I have wanted to be a veterinarian for as long as I can remember. Growing up, my mom would read me James Herriot stories before bed, filling my dreams with adventures about one day getting to help animals. As a sophomore in high school, my mom and I drove up to Fort Collins for the annual Colorado State University Veterinary Teaching Hospital Open House.
I was so excited sitting in lectures and walking around the campus, I couldn’t believe I’d have to wait another 7 years until I could start the program. I got so energized from that experience, that I took a pre-vet course the following year, spending a semester dissecting a cat and interning at a vet clinic.
I charged into college totally set on being as efficient as possible with my coursework to get all my vet school prerequisites out of the way. Then I started to stumble. I wasn’t doing as well in my science classes as my peers, and I lost confidence in my ability to achieve my dream. At the time, this felt catastrophic; I felt like I was going through an identity crisis because I had been working so hard and planning for so many years to become a vet, and suddenly, my path wasn’t obvious.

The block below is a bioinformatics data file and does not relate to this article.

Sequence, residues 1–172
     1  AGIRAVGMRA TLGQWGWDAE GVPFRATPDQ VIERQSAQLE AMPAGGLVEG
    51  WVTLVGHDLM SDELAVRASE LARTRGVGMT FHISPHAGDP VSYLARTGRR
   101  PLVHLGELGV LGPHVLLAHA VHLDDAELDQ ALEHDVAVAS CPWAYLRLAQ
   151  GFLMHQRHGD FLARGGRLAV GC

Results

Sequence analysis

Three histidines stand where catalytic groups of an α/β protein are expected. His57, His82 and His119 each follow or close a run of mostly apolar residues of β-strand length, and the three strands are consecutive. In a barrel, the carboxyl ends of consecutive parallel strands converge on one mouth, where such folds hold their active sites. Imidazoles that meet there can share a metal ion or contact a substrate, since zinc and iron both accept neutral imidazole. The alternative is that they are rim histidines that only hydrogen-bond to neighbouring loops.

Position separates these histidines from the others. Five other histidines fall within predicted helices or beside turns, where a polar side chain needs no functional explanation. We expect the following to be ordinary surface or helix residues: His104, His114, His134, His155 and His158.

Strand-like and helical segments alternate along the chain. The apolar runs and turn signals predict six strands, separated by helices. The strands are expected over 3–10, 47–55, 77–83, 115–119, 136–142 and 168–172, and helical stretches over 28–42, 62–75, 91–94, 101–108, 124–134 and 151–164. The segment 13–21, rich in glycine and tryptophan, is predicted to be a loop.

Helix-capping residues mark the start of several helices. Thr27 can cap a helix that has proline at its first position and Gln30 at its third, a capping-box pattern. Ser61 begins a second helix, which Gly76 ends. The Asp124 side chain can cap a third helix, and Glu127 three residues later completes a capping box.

I also felt uncomfortable that I was spending money on an education without an obvious professional application. As a result, I started to broaden my horizons and take courses in different departments that I never previously considered because I had been too focused on only one career. In retrospect, this was probably the best thing that could have happened to me. It allowed me to develop new interests and gain new skills.
I met friends who weren’t on the pre-med prerequisite train, and this revolutionized my college experience. I studied abroad in Africa for 4 months and learned to live in the moment and really absorb life experiences. For the first time in over a decade, I allowed myself to be open to the idea that I didn’t have to become James Herriot.
Fast forward a few years to college graduation, standing on the precipice of perceived adulthood, where everyone else seemed to have a plan and know what they’re going to do. I had tried different jobs in college to help pay down my debt, but I hadn’t found something I was excited about as my early experience working at a vet’s office. Then one of my friends encouraged me to revisit my childhood dream and apply for a position at a local vet’s office for the summer.
Beginning to See Success
I sent my resume to over 30 clinics in my area after graduating from college—I heard back from one. I started as a glorified janitor, cleaning kennels, folding laundry and mopping the floors. I was starting to get disheartened about this choice, questioning why I worked so hard obtaining a bachelor’s degree and accruing tens of thousands of dollars in student loan debt when I wasn’t applying my education. A few months into the job, the tech manager threw me a bone (pun intended). She decided to take a chance training me to become a veterinary assistant.